Swiss government presents plans to boost gas reserves

Gas makes up roughly 15% of Switzerland’s final energy consumption and is mostly used for heating and cooking. Half of it comes from Russia. Keystone / Daniel Roland

The Swiss government has outlined its plans to boost gas storage capacity in neighbouring countries to secure supplies ahead of winter.

This content was published on May 18, 2022

Gas makes up roughly 15% of Switzerland’s final energy consumption and is mostly used for heating and cooking. Around half of this comes from Russia. Following the outbreak of the war in Ukraine, Switzerland has been stepping up efforts to procure gas from other sources, and to secure additional storage capacity as well as imports of liquefied natural gasExternal link.

On Wednesday, the government presentedExternal link details of its plans to set up a winter gas reserve via storage mainly in neighbouring countries. The aim is to minimise the impact should Russian gas supplies be disrupted.

“This physical reserve is intended to cover 15% (around 6 terrawatt hours TWh) of Switzerland’s annual gas consumption (around 35 TWh). Around half of this physical reserve is already booked by the regional companies Gaznat and GVM in France,” the government said.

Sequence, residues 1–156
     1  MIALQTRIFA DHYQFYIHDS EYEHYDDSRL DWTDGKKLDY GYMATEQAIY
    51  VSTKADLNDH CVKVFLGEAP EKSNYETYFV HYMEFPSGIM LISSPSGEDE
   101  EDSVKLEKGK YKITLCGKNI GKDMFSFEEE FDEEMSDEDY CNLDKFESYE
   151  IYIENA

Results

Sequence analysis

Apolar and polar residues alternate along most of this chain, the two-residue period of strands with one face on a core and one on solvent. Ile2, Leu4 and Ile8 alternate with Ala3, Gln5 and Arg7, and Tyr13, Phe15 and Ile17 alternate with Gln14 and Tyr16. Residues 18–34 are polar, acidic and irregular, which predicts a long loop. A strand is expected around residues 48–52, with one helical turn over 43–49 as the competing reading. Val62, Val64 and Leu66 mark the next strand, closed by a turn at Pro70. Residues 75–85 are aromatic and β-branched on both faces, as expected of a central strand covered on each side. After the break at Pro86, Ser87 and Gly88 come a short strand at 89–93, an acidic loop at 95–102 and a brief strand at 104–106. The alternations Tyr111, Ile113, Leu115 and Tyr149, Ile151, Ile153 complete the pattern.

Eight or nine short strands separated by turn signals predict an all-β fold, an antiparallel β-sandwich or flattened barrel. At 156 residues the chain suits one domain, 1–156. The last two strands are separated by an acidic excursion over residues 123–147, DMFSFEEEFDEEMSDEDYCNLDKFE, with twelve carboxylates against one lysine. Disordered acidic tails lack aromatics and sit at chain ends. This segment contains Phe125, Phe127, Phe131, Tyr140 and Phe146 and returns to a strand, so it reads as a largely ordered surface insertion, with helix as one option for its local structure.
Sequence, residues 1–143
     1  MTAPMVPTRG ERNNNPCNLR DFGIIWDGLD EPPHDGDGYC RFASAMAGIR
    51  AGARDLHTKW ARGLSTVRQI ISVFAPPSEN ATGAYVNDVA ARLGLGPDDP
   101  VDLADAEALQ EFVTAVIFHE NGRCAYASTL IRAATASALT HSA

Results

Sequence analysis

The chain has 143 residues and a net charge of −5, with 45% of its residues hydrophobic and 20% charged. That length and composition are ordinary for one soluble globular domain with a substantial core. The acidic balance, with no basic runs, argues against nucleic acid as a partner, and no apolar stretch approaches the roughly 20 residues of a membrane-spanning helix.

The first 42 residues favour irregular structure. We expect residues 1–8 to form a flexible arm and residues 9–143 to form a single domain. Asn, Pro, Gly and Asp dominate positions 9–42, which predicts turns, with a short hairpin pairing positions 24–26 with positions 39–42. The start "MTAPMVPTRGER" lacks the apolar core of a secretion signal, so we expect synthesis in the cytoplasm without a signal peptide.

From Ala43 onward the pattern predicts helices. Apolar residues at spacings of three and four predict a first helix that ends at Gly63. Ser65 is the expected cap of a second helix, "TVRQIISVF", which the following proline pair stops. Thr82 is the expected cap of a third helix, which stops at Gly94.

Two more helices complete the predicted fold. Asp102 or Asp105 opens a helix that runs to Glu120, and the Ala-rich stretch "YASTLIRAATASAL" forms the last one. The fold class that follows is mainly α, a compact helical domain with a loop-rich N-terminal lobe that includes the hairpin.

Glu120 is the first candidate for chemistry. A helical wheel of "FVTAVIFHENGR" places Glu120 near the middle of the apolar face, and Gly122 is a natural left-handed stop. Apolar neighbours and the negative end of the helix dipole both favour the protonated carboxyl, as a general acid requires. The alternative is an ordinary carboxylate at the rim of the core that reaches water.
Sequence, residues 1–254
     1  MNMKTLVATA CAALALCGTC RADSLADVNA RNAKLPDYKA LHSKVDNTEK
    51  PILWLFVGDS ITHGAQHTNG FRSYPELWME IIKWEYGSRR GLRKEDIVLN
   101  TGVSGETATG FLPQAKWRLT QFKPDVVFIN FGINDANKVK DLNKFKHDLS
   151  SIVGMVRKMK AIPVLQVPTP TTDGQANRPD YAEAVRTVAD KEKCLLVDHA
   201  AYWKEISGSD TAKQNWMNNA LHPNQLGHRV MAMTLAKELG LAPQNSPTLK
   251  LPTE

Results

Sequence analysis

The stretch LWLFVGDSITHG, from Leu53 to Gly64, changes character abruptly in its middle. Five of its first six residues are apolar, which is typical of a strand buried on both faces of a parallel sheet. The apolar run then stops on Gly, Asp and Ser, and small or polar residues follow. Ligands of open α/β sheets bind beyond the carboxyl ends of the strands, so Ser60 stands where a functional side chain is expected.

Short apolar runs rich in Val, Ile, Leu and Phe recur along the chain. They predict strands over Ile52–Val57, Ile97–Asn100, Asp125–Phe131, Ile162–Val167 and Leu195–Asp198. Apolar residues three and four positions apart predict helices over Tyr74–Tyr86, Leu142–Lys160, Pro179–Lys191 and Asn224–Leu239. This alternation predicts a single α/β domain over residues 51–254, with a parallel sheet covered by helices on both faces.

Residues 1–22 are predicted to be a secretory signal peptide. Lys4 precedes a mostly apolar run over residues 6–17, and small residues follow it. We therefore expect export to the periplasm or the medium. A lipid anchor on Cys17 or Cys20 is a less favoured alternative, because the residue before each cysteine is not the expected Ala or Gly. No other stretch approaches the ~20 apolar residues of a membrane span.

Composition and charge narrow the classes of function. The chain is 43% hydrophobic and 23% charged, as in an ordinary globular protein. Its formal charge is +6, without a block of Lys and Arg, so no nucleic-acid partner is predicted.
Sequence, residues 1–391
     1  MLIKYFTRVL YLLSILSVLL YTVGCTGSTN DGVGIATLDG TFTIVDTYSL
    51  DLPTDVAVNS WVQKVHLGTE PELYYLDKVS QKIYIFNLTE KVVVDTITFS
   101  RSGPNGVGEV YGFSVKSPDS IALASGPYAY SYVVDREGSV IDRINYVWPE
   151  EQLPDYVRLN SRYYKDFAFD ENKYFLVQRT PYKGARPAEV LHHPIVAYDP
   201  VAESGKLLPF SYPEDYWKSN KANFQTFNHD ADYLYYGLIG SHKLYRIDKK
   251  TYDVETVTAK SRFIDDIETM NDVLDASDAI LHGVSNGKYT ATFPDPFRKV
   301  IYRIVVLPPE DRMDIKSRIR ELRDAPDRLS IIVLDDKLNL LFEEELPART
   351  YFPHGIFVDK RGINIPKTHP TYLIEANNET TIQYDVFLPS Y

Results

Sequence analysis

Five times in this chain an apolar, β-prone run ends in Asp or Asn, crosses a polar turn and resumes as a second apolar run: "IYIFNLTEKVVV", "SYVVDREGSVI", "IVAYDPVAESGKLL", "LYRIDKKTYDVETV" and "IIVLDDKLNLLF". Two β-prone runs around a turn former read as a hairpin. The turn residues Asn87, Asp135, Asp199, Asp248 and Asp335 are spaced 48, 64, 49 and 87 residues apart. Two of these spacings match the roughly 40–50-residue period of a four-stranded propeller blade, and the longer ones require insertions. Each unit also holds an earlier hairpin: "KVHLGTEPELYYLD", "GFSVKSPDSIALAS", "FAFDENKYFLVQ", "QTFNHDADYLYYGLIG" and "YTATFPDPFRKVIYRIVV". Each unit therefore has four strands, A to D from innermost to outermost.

In addition to regular procurements, 6 TWh are to be purchased via options for non-Russian gas in France, Germany, Italy and the Netherlands, which can be accessed at short notice for a fixed fee, it said.

This corresponds to around 20% of Swiss winter consumption, and also diversifies delivery routes.

An energy task force is due to report by mid-June on how to manage the gas reserve.

The invasion of Ukraine by Russia, Europe's top gas supplier, has prompted the European Union and non-EU member states like Switzerland to rethink their energy policies amid heightened concerns of supply shocks. Russia supplies 40% of the EU's gas and 27% of its imported oil, and EU countries are struggling to agree sanctions on the latter.

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